Authored by Phil Dotree in Careers and Employment
Published on 10-16-2009
The only time most people see firefighters is when they’re actively rushing to the scene or when they’re off duty. Many people are curious as to what goes on when there aren’t any fires, and how often fires happen. If you’re considering a career as a firefighter, you’ve probably asked this question once or twice. Here’s a look at the daily job requirements and life of a firefighter.
Maintaining Equipment and Health. Firefighter work shifts vary from area to area. In some cases, firefighters may be on call for twenty four hours at a time, and calls don’t always come in constantly (firefighters hope for a boring day). When they have free time, a firefighter might check equipment and vehicles to make sure they’re up to spec, or they may work out as the job requires intense physical conditioning. There are often sleeping quarters in a fire house, but on a typical work day a firefighter usually doesn’t sleep or lounge around for extended periods of time. There are no breaks for lunch or dinner as these would take firefighters off call, so food is usually provided in a kitchen area. Shifts usually start and end early in the morning.
Standard Calls. Many people don’t realize that a typical firefighter responds to many calls that aren’t fire related. In most large cities, EMTs, firefighters, and police respond to each call simultaneously. Firefighters have to be ready to drive out to the scene as quickly as possible. Often, they’ll practice drills if there aren’t many calls coming in to ensure that they can leave quickly without any issues. Firefighters are usually trained EMTs, and many fire departments have ambulances in addition to fire trucks.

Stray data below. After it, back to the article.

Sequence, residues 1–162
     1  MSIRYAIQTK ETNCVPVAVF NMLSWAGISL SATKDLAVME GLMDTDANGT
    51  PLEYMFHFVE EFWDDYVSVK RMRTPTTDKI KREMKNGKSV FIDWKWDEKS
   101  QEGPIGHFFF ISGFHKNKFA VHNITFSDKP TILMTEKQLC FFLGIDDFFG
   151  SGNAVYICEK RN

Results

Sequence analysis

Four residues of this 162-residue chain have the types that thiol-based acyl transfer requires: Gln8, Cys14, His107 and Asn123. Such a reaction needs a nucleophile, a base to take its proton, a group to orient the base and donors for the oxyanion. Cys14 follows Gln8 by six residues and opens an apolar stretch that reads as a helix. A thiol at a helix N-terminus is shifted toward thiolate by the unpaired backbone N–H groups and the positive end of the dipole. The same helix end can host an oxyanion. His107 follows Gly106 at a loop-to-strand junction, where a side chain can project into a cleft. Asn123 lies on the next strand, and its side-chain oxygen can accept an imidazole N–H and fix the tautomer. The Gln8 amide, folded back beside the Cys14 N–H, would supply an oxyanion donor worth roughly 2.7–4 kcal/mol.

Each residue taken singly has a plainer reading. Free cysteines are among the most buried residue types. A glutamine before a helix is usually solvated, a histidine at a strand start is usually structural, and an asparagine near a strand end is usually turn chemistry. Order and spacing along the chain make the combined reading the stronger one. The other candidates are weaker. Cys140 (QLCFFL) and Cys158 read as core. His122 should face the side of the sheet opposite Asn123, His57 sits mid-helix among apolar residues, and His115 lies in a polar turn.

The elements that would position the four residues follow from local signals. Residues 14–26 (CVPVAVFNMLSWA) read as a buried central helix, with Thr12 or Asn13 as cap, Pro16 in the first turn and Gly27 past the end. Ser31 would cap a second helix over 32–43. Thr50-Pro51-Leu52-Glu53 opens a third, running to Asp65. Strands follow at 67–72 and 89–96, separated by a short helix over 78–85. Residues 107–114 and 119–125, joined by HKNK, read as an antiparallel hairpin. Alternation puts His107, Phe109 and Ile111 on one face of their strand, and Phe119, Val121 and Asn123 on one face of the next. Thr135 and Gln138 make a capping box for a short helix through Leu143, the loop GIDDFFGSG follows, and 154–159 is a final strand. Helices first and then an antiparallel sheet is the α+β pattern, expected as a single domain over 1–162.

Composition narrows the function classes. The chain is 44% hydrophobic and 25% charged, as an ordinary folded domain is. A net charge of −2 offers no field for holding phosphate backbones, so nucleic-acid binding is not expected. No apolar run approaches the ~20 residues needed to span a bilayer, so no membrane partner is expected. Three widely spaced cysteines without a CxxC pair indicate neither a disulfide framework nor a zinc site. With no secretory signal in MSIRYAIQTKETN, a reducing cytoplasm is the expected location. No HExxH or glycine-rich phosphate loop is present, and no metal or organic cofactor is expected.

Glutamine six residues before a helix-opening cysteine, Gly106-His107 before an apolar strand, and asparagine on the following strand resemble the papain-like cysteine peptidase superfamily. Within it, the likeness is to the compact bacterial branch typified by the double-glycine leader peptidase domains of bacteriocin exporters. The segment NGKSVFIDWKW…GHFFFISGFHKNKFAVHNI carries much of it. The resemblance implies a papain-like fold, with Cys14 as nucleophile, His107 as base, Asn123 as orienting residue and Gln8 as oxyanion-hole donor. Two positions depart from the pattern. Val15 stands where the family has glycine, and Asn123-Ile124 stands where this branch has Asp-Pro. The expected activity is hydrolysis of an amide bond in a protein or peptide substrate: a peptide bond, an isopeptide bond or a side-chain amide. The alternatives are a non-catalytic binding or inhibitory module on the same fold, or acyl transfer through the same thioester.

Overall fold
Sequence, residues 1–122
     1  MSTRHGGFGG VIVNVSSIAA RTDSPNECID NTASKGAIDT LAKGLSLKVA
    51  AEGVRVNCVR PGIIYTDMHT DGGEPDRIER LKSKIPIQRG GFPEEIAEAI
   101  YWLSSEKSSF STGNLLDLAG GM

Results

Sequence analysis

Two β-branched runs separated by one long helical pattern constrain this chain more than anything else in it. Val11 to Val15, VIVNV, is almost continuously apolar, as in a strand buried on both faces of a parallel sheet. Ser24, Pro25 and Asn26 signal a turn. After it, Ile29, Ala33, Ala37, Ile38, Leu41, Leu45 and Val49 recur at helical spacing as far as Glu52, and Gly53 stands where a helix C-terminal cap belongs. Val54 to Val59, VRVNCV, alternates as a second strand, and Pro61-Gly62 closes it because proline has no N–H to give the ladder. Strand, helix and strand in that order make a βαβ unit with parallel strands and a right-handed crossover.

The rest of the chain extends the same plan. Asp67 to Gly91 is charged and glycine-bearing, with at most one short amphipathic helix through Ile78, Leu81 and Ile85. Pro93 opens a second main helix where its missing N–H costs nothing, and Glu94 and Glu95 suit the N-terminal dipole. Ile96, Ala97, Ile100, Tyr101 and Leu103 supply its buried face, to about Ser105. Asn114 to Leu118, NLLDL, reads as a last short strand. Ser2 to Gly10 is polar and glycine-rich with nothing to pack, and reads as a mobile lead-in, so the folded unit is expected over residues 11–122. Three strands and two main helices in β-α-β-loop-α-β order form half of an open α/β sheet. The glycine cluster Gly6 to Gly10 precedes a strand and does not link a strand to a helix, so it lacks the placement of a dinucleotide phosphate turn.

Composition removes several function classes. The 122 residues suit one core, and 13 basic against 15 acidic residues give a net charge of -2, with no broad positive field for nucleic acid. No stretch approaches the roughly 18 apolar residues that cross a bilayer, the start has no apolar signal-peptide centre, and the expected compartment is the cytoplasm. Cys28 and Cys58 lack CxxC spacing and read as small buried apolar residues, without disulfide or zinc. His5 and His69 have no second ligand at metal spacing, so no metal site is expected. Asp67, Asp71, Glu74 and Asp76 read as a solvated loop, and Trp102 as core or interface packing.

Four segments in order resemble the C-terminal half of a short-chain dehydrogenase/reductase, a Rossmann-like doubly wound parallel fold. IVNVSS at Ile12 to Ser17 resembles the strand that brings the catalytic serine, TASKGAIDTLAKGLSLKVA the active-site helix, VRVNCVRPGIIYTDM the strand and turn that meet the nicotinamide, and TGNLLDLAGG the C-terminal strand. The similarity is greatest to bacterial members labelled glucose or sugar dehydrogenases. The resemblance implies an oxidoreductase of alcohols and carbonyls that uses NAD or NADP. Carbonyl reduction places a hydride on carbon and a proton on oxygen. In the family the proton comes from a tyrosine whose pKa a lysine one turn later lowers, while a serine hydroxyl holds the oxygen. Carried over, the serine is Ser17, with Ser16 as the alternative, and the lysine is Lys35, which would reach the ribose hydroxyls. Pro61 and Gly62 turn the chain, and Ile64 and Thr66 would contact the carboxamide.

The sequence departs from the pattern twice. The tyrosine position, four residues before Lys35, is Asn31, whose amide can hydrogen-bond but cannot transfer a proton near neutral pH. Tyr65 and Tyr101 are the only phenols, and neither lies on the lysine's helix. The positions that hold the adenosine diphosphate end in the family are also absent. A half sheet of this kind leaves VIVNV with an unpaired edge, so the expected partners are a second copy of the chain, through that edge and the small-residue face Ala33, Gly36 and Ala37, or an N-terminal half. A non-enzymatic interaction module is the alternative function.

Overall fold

On a standard call, firefighters arrive, tend to any injured persons, and quickly evaluate a scene for hazards. They’re often first on the scene at car accidents, and they’ll hose down any fluids leaking from cars to prevent a fire from starting. They may drive victims to the hospital in some cases, or work with police to get an accurate idea of what had happened leading up to the call. The number of calls on a typical day for a firefighter varies greatly depending on the city or town that they work in, but can be around 15-20 for some.
Serious fires are few and far between, and a firefighter must know how to deal with every situation. It may be safer to let a certain home burn, for instance, to save neighboring houses, depending on conditions. Every firefighter needs to be extremely knowledgeable about fire because in their careers, it is the biggest challenge.
Ending a Shift. At the end of a day, firefighters may retire to the quarters to sleep. However, they’re still on call and ready to load into a truck almost instantly. Non-job related activities are allowed for later hours when calls aren’t coming in. Following a day on call, firefighters will often have a day or two off. A firefighter can work about 56 hours a week. This varies, again depending on the fire precinct.